The International Organization for Standardization,
ISO is a non-governmental organization that develops technical standards that contribute to the development, manufacturing, and supply of both supplies and services. They also promote fair trade between counties, providing the government with standards on health and safety issues. We take many things for granted. We always expect simple things, like patches, to do what we intend them to do. That’s what ISO ensures, and sets standards that make things better for our society as a whole.
With a central secretariat in Geneva, Switzerland, ISO 146 is a network of standardized institutions in different countries. Starting in 1947, the ISO was made up of 25 delegates who agreed that a new international organization was needed to “combine international coherence and industry standards”. Due to the fact that the “International Organization for Standardization” would have different origins in different languages, it was decided to use the word derived from the Greek word “isos”. For this reason, no matter what country you are in, the short form of the organization is always ISO, which means “equal”.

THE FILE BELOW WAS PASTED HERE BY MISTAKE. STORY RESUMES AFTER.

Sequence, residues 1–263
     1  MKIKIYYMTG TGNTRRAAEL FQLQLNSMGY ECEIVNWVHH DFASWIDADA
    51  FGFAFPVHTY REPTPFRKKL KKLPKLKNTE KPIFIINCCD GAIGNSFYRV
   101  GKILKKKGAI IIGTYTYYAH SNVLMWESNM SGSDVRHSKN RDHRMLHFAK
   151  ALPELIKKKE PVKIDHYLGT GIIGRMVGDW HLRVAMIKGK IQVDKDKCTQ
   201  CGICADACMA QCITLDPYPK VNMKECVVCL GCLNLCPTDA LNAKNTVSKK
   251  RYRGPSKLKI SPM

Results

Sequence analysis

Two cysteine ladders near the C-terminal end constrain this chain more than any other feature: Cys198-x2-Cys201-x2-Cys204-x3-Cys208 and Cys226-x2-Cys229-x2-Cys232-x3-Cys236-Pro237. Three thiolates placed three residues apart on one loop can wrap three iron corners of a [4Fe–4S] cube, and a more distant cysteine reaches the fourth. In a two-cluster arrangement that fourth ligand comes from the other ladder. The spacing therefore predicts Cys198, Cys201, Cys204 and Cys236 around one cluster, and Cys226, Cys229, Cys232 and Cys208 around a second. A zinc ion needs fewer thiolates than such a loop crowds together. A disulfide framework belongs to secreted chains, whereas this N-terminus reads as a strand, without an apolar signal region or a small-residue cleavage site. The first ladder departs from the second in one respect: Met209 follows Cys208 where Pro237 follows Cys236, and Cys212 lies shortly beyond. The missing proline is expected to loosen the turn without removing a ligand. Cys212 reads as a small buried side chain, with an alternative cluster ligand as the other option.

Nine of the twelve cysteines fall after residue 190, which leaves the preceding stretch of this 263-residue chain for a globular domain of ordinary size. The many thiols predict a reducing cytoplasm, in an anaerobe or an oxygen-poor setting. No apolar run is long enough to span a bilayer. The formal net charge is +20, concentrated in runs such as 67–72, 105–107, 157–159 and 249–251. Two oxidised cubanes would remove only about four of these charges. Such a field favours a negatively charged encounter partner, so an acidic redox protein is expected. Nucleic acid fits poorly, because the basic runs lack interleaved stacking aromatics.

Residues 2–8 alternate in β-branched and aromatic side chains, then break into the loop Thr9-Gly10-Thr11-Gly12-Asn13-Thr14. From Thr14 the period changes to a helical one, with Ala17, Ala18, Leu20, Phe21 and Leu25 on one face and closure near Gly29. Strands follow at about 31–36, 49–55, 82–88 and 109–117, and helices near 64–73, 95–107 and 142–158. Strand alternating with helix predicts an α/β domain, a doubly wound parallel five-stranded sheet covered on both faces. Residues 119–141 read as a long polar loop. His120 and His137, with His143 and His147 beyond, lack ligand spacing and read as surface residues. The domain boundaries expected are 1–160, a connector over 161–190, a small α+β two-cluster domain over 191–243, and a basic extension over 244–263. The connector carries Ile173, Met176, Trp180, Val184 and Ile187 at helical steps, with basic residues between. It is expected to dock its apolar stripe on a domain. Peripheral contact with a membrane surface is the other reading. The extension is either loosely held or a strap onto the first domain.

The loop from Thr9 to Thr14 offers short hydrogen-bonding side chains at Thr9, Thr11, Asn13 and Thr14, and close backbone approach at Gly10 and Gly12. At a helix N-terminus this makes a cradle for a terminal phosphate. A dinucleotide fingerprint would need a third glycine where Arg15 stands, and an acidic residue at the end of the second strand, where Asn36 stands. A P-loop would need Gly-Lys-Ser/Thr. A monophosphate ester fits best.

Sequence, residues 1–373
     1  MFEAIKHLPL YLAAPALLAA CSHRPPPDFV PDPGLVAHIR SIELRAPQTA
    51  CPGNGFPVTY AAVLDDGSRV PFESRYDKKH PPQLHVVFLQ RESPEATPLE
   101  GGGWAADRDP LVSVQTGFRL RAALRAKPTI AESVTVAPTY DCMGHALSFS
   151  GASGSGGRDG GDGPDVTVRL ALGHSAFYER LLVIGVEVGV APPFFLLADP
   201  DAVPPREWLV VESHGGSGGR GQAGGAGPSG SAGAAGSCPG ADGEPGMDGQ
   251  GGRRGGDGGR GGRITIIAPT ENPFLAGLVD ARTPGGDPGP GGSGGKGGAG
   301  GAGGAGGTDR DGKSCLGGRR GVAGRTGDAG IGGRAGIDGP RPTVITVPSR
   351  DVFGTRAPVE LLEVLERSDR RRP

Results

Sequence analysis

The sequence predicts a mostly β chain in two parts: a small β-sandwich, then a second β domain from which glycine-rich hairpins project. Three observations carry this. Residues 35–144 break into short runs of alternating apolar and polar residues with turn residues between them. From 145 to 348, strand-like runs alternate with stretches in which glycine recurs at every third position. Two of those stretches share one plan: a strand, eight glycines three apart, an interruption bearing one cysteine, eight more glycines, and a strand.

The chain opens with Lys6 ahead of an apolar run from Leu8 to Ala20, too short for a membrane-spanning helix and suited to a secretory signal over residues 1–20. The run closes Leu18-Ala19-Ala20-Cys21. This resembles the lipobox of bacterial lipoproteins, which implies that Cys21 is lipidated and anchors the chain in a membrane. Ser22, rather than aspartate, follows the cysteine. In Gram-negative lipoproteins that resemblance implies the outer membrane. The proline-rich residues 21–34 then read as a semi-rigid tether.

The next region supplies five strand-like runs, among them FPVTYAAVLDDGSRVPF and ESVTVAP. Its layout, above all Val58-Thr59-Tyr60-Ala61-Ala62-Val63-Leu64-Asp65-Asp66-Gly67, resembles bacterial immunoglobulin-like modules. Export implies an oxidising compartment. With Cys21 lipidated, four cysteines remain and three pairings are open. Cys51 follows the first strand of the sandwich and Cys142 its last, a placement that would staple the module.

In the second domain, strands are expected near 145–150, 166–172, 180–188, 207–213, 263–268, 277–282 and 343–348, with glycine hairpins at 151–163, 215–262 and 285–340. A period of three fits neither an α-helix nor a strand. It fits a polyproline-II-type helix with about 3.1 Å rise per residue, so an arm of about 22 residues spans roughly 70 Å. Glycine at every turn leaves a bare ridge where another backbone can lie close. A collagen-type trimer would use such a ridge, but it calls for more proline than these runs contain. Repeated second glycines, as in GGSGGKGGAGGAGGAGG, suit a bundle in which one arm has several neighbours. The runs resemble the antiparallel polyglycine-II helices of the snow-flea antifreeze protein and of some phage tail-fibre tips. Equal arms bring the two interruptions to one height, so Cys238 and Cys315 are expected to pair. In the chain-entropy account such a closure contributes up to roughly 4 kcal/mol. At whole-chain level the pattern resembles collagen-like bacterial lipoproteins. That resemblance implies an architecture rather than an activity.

To date, ISO has set approximately 14,000 international standards, covering areas such as agriculture, mechanical engineering, construction, medical devices and information technology development. While the majority of ISO standards are designed for certain products, ISO 900 and 14000 are related to standards and environmental regulations, and are considered “general management system standards”. By ‘general’, this means that they are a list of standards that all products and workplaces must meet, regardless of whether they manufacture a product or service, and so on. Regardless of where they are located. ISO standards help ensure that our world is a much better place, while maintaining customer compliance as well as working to minimize the harmful effects on the environment.